At first he looked around the floor, as if it might have fallen; then he noticed the cut ends of the leather thong, and he roared with indignation. Everyone looked at him except Mother, who turned away, and Merthin heard her mutter: “That was all the money we had.”
Father glared accusingly at the other guests in the hospital. The long scar that ran from his right temple to his left eye seemed to darken with rage. The room went quiet with tension: an angry knight was dangerous, even one who was evidently down on his luck.
Then Mother said: “You were robbed in the church, no doubt.”
Merthin guessed that must be right. In the darkness, people had been stealing more than kisses.
“Sacrilege, too!” said Father.
“I expect it happened when you picked up that little girl,” Mother went on. Her face was twisted, as if she had swallowed something bitter. “The thief probably reached around your waist from behind.”
“He must be found!” Father roared.
The young monk called Godwyn spoke up. “I’m very sorry this has happened, Sir Gerald,” he said. “I will go and tell John Constable right away. He can look out for a poor townsman who has suddenly become rich.”
That seemed to Merthin a very unpromising plan. There were thousands of townspeople and hundreds more visitors. The constable could not observe them all.
But Father was slightly mollified. “The rogue shall hang!” he said in a voice a little less loud.
“And, meanwhile, perhaps you and Lady Maud, and your sons, would do us the honour of sitting at the table that is being set up in front of the altar,” Godwyn said smoothly.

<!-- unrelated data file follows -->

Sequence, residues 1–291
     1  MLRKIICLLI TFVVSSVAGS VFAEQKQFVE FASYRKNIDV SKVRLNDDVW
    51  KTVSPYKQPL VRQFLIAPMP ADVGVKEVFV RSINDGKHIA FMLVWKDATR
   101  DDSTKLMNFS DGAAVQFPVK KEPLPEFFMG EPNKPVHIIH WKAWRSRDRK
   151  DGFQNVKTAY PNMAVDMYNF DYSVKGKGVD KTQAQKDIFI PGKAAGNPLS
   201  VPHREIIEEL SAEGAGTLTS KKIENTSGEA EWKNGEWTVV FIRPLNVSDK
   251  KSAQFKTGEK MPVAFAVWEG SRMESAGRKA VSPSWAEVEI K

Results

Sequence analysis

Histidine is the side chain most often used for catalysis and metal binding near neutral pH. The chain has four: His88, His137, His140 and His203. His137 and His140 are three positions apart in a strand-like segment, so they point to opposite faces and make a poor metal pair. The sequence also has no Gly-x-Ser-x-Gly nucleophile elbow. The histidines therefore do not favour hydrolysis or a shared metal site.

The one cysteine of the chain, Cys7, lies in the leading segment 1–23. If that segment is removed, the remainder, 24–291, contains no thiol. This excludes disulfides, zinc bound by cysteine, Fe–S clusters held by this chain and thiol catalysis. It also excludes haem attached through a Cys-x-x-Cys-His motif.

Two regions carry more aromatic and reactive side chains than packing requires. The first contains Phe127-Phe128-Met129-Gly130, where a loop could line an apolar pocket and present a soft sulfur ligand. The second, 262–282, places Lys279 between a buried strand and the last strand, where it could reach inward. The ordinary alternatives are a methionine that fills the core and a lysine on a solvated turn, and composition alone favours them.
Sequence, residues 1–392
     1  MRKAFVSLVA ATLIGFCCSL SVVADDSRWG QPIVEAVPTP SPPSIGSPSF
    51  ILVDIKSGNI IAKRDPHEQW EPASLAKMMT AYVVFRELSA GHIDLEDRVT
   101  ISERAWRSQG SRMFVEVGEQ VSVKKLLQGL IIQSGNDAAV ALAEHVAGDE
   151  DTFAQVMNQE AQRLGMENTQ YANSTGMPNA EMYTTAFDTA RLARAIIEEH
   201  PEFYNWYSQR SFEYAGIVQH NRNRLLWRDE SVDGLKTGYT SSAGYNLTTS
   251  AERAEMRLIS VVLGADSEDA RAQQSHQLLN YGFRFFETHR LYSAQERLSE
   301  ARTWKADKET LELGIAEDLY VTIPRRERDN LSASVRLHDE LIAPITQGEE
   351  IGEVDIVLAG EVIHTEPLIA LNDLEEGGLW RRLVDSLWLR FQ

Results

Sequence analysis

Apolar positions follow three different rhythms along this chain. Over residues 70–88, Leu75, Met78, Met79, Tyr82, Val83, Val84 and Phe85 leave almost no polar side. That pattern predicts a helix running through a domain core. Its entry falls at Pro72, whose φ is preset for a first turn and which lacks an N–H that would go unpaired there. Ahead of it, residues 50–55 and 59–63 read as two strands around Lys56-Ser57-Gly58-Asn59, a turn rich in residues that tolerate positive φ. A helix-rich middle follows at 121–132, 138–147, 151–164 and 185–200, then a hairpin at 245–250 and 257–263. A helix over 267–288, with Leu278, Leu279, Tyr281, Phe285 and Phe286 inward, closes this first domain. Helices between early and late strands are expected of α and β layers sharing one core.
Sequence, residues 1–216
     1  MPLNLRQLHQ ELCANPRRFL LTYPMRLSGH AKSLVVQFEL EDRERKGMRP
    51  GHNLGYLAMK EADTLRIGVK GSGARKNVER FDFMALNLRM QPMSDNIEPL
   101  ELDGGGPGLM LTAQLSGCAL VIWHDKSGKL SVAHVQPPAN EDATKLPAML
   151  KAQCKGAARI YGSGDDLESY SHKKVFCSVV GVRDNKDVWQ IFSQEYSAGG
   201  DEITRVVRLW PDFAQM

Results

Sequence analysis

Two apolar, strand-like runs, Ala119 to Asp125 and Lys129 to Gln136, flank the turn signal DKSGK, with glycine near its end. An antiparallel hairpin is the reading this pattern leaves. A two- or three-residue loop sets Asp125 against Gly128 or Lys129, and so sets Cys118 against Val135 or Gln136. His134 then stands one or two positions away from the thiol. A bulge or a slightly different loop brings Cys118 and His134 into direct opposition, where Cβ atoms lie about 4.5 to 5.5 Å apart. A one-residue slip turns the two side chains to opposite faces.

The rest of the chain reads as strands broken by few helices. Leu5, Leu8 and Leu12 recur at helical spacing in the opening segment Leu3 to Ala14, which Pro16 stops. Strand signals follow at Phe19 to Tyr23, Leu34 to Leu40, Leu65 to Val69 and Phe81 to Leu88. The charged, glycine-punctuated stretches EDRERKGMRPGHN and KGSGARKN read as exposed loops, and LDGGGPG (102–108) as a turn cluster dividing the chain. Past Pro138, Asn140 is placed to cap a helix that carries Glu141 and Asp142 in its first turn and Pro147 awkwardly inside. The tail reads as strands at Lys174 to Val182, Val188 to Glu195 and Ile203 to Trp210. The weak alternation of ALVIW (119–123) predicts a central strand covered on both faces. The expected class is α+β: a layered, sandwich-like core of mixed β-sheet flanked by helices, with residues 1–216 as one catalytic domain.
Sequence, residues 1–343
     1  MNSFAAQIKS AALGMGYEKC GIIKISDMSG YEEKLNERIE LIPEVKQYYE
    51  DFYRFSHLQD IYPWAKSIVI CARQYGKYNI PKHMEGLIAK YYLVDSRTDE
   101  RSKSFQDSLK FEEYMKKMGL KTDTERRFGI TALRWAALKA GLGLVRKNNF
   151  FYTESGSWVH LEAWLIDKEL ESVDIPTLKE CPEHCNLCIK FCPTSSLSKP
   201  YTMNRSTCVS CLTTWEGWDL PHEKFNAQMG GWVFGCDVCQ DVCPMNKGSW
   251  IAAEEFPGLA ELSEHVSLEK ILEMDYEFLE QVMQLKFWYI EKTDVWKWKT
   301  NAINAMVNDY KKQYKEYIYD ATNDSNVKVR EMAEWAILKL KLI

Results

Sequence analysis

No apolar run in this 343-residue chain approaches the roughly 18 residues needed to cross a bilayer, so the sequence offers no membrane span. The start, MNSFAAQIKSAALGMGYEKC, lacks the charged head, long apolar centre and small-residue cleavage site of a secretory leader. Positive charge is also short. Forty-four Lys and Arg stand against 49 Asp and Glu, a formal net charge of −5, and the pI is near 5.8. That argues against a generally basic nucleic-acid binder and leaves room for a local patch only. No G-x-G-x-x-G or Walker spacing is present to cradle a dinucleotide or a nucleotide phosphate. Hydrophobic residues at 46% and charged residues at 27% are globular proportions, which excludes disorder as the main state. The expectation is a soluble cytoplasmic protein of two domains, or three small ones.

Father grunted. He was pleased, Merthin knew, to be accorded higher status than the mass of guests, who would eat sitting on the floor where they had slept.
The moment of potential violence passed, and Merthin relaxed a little; but, as the four of them took their seats, he wondered anxiously what would happen to the family now. His father was a brave soldier – everyone said that. Sir Gerald had fought for the old king at Boroughbridge, where a Lancashire rebel’s sword had given him the scar on his forehead. But he was unlucky. Some knights came home from battle with booty: plundered jewels, a cartload of costly Flemish cloth and Italian silk, or the beloved father of a noble family who could be ransomed for a thousand pounds. Sir Gerald never seemed to get much loot. But he still had to buy weapons, armour, and an expensive warhorse to enable him to do his duty and serve the king; and somehow the rents from his lands were never enough. So, against Mother’s will, he had started to borrow.
The kitchen hands brought in a steaming cauldron. Sir Gerald’s family were served first. The porridge was made with barley and flavoured with rosemary and salt. Ralph, who did not understand the family crisis, started to talk excitedly about the All Hallows service, but the glum silence in which his comments were received shut him up.
When the porridge was eaten, Merthin went to the altar. Behind it he had stashed his bow and arrows. People would hesitate to steal something from an altar. They might overcome their fears, if the reward were tempting enough, but a homemade bow was not much of a prize; and, sure enough, it was still there.
He was proud of it. It was small, of course: to bend a full-size, six-foot bow took all the strength of a grown man. Merthin’s was four foot long, and slender, but in other respects it was just like the standard English longbow that had killed so many Scots mountain men, Welsh rebels, and French knights in armour.
Father had not previously commented on the bow, and now he looked at it as if seeing it for the first time. “Where did you get the stave?” he said. “They’re costly.”
“Not this one – it’s too short. A bowyer gave it me.”
Father nodded. “Apart from that it’s a perfect stave,” he said. “It’s taken from the inside of the yew, where the sapwood meets the heartwood.” He pointed to the two different colours.
“I know,” Merthin said eagerly. He did not often get the chance to impress his father. “The stretchy sapwood is best for the front of the bow, because it pulls back to its original shape; and the hard heartwood is best for the inside of the curve, because it pushes back when the bow is bent inwards.”